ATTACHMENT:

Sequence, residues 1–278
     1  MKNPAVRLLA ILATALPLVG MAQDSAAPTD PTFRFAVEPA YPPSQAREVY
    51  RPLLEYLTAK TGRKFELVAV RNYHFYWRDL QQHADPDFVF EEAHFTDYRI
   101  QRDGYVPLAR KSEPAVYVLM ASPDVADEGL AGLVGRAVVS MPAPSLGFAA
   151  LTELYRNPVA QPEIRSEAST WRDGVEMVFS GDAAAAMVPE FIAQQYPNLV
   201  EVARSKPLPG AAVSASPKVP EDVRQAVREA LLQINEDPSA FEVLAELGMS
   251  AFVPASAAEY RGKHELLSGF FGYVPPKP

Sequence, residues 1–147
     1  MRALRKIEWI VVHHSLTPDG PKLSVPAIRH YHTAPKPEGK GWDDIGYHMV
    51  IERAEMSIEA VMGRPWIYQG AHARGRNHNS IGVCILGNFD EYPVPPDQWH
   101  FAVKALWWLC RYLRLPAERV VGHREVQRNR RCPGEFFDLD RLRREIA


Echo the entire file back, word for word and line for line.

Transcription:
Sequence, residues 1–278
     1  MKNPAVRLLA ILATALPLVG MAQDSAAPTD PTFRFAVEPA YPPSQAREVY
    51  RPLLEYLTAK TGRKFELVAV RNYHFYWRDL QQHADPDFVF EEAHFTDYRI
   101  QRDGYVPLAR KSEPAVYVLM ASPDVADEGL AGLVGRAVVS MPAPSLGFAA
   151  LTELYRNPVA QPEIRSEAST WRDGVEMVFS GDAAAAMVPE FIAQQYPNLV
   201  EVARSKPLPG AAVSASPKVP EDVRQAVREA LLQINEDPSA FEVLAELGMS
   251  AFVPASAAEY RGKHELLSGF FGYVPPKP

Sequence, residues 1–147
     1  MRALRKIEWI VVHHSLTPDG PKLSVPAIRH YHTAPKPEGK GWDDIGYHMV
    51  IERAEMSIEA VMGRPWIYQG AHARGRNHNS IGVCILGNFD EYPVPPDQWH
   101  FAVKALWWLC RYLRLPAERV VGHREVQRNR RCPGEFFDLD RLRREIA